A crowd of about two hundred frustrated, anti-health care reform, anti-President Obama Idaho citizens heated up a hotel ballroom in Boise Saturday night. They were there to give Rep. Walt Minnick, D-CD1, a piece of their minds. Unlike town halls held in other states, this crowd stayed reasonably in order, although there were waves of audience-wide booing and remonstration. But they listened to a calm Minnick even when they disagreed with him, which was often. When he didn’t give an answer they wanted to hear, Minnick forged ahead and seemed unruffled by negative reactions. “With everything that is going on around us, the tyranny that is going on around us, my question is what are you going to do about it? What are you going to do about our constitutional rights?” asked T.J Lacey, who leads a group called the 9-12 Project. Minnick answered that he promised to protect those rights when he was sworn in. Not satisfied, the crowd broke in with questions challenging him on the constitutionality of the health care bill.

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Difficult Days in Boise, Idaho

These are emotional days for a lot of people in Idaho. In one afternoon, a serial killer was sentenced to two life terms for murdering two young Idaho men, and two horrifying arrests were made for the murder of a little Boise boy. When the news of Tuesday afternoon’s arrests in the murder of eight-year-old Robert Manwill of Boise hit the internet and airwaves, it was nothing Boiseans didn’t expect, but still very painful for not only the thousands of sorrowful volunteers who spent days searching for Robert, but his father, his extended family and thousands of others, including me. That the prime suspects are Robert’s own mother and her boyfriend is sickening. Wednesday, both were charged with first-degree murder and the repeated violent torture of the little boy.

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Taking a Lesson in Boise Public Transit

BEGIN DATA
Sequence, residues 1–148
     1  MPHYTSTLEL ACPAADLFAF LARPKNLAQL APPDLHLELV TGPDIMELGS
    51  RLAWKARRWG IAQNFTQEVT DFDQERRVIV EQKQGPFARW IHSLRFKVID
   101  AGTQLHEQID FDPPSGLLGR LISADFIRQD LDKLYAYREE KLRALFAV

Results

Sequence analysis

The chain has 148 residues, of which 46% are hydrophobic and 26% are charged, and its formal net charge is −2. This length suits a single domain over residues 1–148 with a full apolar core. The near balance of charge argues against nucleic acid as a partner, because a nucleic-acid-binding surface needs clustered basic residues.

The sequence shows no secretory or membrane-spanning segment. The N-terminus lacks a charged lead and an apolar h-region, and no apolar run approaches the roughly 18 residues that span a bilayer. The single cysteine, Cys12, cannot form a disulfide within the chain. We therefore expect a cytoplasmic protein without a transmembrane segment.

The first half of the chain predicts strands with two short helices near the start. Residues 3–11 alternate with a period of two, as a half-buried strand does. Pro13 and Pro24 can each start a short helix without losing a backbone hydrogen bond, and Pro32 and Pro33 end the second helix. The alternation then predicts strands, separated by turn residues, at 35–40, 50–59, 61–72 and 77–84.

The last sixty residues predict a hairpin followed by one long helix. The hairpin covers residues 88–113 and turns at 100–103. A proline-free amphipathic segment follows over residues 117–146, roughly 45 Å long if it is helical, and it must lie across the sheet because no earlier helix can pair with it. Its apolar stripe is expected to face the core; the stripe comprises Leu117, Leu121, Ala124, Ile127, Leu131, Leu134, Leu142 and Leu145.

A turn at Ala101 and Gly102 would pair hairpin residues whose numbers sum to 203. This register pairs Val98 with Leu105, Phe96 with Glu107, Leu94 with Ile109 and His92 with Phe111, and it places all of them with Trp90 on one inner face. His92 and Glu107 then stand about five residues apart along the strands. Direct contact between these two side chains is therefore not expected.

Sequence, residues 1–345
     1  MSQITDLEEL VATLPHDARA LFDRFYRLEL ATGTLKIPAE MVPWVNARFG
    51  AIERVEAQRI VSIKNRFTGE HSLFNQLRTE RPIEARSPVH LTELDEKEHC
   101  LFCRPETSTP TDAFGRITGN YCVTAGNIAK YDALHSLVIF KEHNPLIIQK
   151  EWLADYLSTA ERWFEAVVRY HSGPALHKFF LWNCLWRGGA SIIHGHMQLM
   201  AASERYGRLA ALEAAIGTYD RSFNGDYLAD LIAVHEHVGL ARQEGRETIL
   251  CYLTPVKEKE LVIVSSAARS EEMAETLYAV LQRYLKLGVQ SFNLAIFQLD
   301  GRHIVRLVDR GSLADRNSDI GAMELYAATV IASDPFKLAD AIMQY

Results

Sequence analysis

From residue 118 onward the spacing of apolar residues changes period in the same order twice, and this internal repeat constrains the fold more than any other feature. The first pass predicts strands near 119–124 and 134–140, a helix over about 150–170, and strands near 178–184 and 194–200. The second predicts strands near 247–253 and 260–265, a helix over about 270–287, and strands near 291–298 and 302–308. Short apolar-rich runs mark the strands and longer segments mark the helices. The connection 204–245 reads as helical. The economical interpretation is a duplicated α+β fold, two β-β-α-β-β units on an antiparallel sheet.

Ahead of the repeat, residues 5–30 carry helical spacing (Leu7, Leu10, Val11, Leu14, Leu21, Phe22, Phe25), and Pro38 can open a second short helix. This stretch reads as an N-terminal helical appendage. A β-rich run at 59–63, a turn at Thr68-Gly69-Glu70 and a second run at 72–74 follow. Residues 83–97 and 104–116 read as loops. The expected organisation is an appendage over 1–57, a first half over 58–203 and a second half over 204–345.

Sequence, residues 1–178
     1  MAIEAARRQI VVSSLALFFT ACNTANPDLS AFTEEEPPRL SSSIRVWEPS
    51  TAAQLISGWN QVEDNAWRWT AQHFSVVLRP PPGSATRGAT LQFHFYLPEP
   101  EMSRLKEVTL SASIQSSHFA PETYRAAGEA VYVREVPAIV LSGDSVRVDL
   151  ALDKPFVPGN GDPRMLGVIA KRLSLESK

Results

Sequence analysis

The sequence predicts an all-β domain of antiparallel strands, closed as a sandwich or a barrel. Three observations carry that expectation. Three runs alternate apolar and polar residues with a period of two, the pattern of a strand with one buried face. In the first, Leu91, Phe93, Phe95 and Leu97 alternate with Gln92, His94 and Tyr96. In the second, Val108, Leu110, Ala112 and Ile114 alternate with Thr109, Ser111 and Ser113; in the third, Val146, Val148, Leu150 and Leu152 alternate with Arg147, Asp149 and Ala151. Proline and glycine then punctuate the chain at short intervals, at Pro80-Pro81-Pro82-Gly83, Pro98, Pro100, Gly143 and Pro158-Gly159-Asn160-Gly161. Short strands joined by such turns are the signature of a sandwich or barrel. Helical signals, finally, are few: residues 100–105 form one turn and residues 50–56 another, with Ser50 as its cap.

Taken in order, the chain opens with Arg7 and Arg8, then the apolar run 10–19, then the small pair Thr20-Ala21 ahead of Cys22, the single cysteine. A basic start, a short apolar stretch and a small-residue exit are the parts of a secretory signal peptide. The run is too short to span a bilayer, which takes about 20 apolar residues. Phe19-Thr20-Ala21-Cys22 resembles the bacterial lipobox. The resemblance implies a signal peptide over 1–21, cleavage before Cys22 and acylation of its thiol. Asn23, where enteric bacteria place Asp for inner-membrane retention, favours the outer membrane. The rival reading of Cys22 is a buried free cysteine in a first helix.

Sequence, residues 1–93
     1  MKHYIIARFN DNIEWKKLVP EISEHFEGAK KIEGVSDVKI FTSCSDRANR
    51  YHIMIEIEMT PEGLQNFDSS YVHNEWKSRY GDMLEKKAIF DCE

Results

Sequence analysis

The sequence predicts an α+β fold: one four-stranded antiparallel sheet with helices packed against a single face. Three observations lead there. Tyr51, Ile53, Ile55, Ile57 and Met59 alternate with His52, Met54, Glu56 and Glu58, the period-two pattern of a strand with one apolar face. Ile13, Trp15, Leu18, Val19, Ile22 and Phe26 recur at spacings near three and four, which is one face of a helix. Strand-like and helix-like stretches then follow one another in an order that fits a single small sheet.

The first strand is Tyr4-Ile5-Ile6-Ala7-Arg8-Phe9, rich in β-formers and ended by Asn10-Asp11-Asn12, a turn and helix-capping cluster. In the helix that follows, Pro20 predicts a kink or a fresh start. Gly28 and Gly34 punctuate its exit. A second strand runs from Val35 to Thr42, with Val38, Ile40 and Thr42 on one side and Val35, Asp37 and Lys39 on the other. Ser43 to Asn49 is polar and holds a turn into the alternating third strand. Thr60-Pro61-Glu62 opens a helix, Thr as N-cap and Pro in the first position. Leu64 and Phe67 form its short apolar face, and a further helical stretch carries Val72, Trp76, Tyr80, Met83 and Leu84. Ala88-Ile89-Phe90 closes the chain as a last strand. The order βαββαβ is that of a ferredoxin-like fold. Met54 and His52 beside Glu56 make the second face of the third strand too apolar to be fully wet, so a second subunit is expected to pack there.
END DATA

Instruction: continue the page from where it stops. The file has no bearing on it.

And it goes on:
There's a Northwest city. The population of its metropolitan area is 272,000. Government is one of the larger employers. It has a major university with a large, popular football team, in which the entire state takes pride. And as described by Wikipedia, "The city is also noted for its natural beauty, activist political leanings, alternative lifestyles, recreational opportunities (especially bicycling, rafting, and kayaking), and focus on the arts." The city isn't Boise. It's Eugene, Ore. And it has one major difference from Boise: it spends four times as much per capita on public transit than Boise does. What does that look like?

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Boise’s Vista Interchange Project Includes Beautification

Having once written that Boise’s Vista Boulevard, a main artery into the city from the interstate, was a “tasteless trail of trashiness,” I’m happy to hear that the Vista Interchange project broke ground this morning. In a press release, Governor Otter said, “For thousands of people a day, the Vista Interchange is the Treasure Valley’s gateway to commerce. It provides a primary link from Idaho’s largest airport to our largest metropolitan area. It’s the first part of Idaho that many people see on the ground, so it plays an important role in our efforts to attract and retain quality employers who provide the kinds of careers our people need.” Anybody who follows Idaho politics knows that Otter is a madly enthusiastic road-builder, and has spent a lot of political capital fighting for the money he thinks is needed. There is a backlog of road and bridge repair and new construction of over $240 million dollars in the state, and the past two legislative sessions have been mighty power struggles between the governor and the legislature to allocate money to address it.